Discovering a new way to use technology to address a need is one thing. Taking it to market and bringing it to the masses, however, requires an entirely different set of skills.
As UNC-Chapel Hill’s graduate students work to discover the next big innovations in technology, medicine and beyond, the Graduate Certificate in Business Fundamentals is equipping them with the skills they need to take their ideas from the lab to the world.
Leah Townsend, director of the Graduate School’s professional programs, said the program provides a competitive advantage to all students, regardless of discipline or career aspirations.
“There is definitely a perception of value in the job market for these skills,” she said. “I don’t think of them as just business skills. Really, at their heart, they’re professionalizing skills that you will need to develop no matter what you go on to pursue, and they make you more marketable in a competitive environment.”
This semester, 43 students from humanities programs to the natural sciences are pursuing the certificate, which includes core classes in writing, presenting, leadership, project management and financial accounting.
For students looking to forge a path in private industry, the program also offers electives on how to launch a startup, build a professional brand and become a successful consultant.
One of those students is Sean James, who plans to work at an agricultural biotech company in Research Triangle Park after earning his doctorate in biology.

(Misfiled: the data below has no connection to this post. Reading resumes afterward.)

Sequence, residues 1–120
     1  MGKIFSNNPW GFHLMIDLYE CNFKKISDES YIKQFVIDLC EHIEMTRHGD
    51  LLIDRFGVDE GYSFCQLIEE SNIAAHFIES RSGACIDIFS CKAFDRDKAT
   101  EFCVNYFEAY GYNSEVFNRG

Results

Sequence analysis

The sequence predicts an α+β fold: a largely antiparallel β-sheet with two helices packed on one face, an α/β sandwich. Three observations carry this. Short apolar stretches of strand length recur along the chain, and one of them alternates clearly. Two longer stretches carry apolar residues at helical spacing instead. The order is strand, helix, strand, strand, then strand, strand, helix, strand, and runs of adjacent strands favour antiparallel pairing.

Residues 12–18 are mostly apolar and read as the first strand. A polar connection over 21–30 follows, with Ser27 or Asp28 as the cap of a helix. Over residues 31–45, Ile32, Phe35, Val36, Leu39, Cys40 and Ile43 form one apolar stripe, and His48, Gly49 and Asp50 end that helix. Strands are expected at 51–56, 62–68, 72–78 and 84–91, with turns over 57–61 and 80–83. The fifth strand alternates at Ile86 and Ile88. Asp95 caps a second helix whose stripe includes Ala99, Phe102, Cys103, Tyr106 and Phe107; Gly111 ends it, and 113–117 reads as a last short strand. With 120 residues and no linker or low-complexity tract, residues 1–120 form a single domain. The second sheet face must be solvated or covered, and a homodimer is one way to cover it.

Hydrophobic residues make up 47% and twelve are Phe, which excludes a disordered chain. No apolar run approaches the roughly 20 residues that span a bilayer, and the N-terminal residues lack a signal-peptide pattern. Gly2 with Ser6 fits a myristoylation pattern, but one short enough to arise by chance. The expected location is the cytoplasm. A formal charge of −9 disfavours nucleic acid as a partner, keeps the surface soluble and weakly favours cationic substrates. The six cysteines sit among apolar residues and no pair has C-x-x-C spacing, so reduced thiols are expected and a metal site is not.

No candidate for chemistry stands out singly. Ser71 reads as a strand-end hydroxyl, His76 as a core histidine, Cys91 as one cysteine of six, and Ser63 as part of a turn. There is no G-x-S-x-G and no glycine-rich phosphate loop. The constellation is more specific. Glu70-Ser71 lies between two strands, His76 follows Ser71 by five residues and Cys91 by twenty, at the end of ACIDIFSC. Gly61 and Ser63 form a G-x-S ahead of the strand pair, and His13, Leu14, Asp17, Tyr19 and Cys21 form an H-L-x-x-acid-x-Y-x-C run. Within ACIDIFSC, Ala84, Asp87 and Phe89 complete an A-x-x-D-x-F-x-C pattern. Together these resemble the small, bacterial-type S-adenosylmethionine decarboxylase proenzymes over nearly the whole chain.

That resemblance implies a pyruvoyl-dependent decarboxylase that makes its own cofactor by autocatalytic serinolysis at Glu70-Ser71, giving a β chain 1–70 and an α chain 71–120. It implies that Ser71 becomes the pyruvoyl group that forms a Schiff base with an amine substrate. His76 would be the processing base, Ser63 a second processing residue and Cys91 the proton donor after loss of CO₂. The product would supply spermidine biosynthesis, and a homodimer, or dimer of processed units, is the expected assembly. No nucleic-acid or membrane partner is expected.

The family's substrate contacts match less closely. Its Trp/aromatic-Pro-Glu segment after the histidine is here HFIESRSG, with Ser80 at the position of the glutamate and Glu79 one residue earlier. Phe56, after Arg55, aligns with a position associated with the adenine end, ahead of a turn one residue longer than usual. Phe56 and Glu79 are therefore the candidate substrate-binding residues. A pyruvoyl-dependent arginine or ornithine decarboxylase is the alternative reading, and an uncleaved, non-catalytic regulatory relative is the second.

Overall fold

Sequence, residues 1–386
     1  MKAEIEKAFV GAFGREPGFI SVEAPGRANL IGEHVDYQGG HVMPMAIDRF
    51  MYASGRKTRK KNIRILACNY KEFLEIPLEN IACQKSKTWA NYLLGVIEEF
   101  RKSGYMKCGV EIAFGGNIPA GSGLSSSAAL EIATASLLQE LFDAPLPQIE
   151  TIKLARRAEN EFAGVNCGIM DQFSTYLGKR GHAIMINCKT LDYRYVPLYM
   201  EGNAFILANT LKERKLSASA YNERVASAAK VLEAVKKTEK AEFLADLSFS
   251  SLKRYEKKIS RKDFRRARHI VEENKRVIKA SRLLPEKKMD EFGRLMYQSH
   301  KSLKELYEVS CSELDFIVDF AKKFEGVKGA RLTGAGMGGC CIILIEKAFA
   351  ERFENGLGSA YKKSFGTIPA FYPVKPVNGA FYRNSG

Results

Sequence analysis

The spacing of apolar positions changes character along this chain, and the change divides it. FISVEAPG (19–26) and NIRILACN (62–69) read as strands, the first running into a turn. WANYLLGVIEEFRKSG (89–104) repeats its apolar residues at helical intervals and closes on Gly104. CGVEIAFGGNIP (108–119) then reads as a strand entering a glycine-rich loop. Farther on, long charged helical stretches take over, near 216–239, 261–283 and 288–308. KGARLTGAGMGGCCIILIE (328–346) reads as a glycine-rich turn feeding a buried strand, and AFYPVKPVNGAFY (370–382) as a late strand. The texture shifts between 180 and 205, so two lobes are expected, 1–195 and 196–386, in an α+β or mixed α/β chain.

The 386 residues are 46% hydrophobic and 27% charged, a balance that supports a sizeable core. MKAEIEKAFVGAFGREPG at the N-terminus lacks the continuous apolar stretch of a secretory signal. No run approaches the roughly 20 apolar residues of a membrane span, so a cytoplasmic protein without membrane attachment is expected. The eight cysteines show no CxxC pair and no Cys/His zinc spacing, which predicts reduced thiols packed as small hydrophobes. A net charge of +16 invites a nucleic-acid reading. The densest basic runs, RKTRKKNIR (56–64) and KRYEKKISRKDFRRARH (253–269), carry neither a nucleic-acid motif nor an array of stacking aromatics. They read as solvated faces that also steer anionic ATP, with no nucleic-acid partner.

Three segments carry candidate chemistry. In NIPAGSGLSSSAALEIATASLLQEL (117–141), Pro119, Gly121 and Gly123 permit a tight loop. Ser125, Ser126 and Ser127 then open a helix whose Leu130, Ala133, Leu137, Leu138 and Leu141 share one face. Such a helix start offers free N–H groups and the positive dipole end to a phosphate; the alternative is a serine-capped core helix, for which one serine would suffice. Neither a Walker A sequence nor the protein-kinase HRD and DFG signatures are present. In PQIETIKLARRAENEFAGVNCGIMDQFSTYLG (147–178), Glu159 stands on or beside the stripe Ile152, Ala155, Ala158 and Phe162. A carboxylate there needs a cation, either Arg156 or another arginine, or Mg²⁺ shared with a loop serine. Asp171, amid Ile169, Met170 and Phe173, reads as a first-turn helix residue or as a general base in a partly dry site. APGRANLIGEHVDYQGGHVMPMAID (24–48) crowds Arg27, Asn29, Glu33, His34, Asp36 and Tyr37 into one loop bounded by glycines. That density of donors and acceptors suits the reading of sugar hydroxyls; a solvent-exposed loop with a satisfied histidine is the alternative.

“I’ve never taken courses like this before. It’s always been biology or chemistry,” he said. “I feel confident in my science knowledge, but in academia, you’re not really taught industry-geared skills like how to present to shareholders or manage a big team. I just needed something to give me an advantage to be a key player in business.”
James said the program-sponsored networking events have also helped him plug into local industry and meet professionals who challenge and inspire him.
Graduate School Dean Steven Matson said the certificate represents the school’s commitment to providing students with professional development opportunities that prepare them for success in any career path.
“We’ve developed a very robust professional development program for our students that’s interdisciplinary, that I think complements what goes on in the departments themselves and that really prepares [students] for the next level,” Matson said.
To get to that level, Townsend said, UNC-Chapel Hill is a great place to start.
“I think geographically, culturally and resource-wise, we’re uniquely positioned to do outstanding research in any discipline and to have these breakthrough inventions,” she said. “There’s just so much going on here, and we have the resources to support the development of graduate students, no matter what questions they want to answer or where they want to go.”
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